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Curran Underwood, Dj-0981 v. Pennsylvania Board of Probation and Parole

IN THE UNITED STATES DISTRICT COURT FOR THE WESTERN DISTRICT OF PENNSYLVANIA


June 6, 2012

CURRAN UNDERWOOD, DJ-0981, PETITIONER,
v.
PENNSYLVANIA BOARD OF PROBATION AND PAROLE, ET AL., RESPONDENTS.

The opinion of the court was delivered by: Mitchell, M.J.

MEMORANDUM and ORDER

Curran Underwood, an inmate at the State Correctional Institution-Greene has presented a petition for a writ of habeas corpus. For the reasons set forth below, the petition will be dismissed and because reasonable jurists could not conclude that a basis for appeal exists, a certificate of appealability will be denied.

On June 30, 2000, Underwood was sentenced in the Court of Common Pleas of Montgomery County Pennsylvania to imprisonment for a term of ten years and nine months to twenty-four years with a minimum sentence expiration date of January 26, 2007 and a maximum sentence expiration date of April 26, 2020.*fn1 Petitioner was released on parole to a community corrections residence on November 19, 2007.*fn2 In a supervision report filed on May 6, 2009, it was noted that petitioner was involved in an incident at the Philadelphia airport on September 8, 2008; that on September 26, 2008, he was warned about failing to report a police contact; that he was arrested on new criminal charges on October 18, 2008; that he failed to report as instructed on April 24, 2009 and that he was arrested for the Philadelphia airport incident on April 28, 2009.*fn3

On October 9, 2009 the Board recommitted him as a technical parole violator to serve 6 months back-time.*fn4 On February 8, 2010, the Board recalculated his maximum sentence expiration date as April 30, 2020.*fn5 The petitioner was reviewed for parole on August 11, 2010 and September 1, 2011 at which time release was denied for reasons including risk to the community, unsatisfactory parole supervision history, his minimization of the nature and circumstances of the offense; his need to maintain a clear conduct record and participate in prescriptive programs, and his lack of an explanation for the federal charges arising from the airport incident. Reconsideration was scheduled for after July 2012.*fn6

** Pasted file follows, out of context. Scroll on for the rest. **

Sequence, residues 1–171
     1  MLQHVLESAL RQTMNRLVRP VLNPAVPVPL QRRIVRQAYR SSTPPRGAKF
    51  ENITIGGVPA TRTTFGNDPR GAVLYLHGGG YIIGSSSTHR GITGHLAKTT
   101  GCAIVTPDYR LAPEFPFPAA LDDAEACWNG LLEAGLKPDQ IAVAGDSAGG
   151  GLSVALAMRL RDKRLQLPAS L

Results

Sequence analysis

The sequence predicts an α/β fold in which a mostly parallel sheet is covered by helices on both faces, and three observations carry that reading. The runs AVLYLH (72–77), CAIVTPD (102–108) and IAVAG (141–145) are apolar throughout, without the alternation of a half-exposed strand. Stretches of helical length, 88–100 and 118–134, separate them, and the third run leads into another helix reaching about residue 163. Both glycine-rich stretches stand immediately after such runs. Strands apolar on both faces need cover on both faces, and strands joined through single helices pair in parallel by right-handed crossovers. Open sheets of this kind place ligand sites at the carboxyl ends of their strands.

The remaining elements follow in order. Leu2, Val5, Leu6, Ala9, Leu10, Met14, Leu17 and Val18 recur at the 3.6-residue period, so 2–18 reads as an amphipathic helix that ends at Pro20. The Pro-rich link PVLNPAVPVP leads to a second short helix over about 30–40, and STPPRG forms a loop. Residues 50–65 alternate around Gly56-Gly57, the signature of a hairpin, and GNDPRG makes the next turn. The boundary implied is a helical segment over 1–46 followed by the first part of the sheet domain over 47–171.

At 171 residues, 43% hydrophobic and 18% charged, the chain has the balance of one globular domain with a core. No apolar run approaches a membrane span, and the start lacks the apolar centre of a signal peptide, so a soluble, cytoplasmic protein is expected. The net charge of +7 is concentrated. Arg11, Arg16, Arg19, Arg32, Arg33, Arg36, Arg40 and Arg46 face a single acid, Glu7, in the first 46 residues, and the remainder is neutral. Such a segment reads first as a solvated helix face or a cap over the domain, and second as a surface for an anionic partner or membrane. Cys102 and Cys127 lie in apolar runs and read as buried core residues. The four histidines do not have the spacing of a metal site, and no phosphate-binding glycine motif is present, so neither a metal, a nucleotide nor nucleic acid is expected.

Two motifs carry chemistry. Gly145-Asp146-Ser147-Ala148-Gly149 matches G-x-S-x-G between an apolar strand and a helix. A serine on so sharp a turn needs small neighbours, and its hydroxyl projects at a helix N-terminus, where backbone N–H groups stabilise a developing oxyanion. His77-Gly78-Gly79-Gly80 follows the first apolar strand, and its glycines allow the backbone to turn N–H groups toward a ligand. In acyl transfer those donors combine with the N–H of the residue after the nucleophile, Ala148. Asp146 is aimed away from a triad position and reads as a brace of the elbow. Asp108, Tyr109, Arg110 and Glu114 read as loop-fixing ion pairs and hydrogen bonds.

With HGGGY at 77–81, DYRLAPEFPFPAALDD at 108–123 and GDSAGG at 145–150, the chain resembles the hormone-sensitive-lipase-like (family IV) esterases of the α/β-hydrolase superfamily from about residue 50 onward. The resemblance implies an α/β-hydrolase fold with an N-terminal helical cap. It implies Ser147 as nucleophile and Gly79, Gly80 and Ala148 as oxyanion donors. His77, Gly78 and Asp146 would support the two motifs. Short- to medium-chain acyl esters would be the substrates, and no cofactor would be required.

Underwood now comes before this Court and contends that his release on parole was arbitrary and capricious; that he was denied his appeal rights and that the denial of release violated due process and equal protection as well as fundamental fairness.*fn7 Where, as here, a petitioner seeks to challenge the denial of parole on constitutional grounds, there is no exhaustion requirement except in very limited circumstances not relevant here. Defoy v. McCullough, 393 F.3d 439,444 (3d Cir.) cert.denied 125 S.Ct. 2970 (2005).

The present matter can be resolved on the grounds that the petitioner was not denied due process when his parole was denied. The relevant Pennsylvania statute, 61 Pa.C.S.A.§ 6137 does not create a mandatory expectation of release but rather has been determined to be a matter of grace. Rogers v. Pennsylvania Board of Probation and Parole, 555 Pa. 285 (1999). In the absence of a state mandated right of parole, parole is a matter of mere possibility and does not invoke a federally protected liberty interest. Kentucky Department of Corrections v. Thompson, 490 U.S. 455 (1989). In Connecticut v. Dumschat, 452 U.S. 458 (1981), the Court recognized that where there is no liberty interest created, there is no constitutional basis for relief. Since federal habeas corpus relief is premised on violations of constitutional proportion, no such factors exist here since the reasons for denying parole were based on the plaintiff=s past conduct both inside and outside the institution and not on some arbitrary basis such Arace, religion, political beliefs, or ... frivolous criteria with no rational relationship to the purpose of parole such as the color of one's eyes, the school one attended, or the style of one's clothing.@ Block v. Potter, 631 F.2d 233, 235 (3d Cir.1980).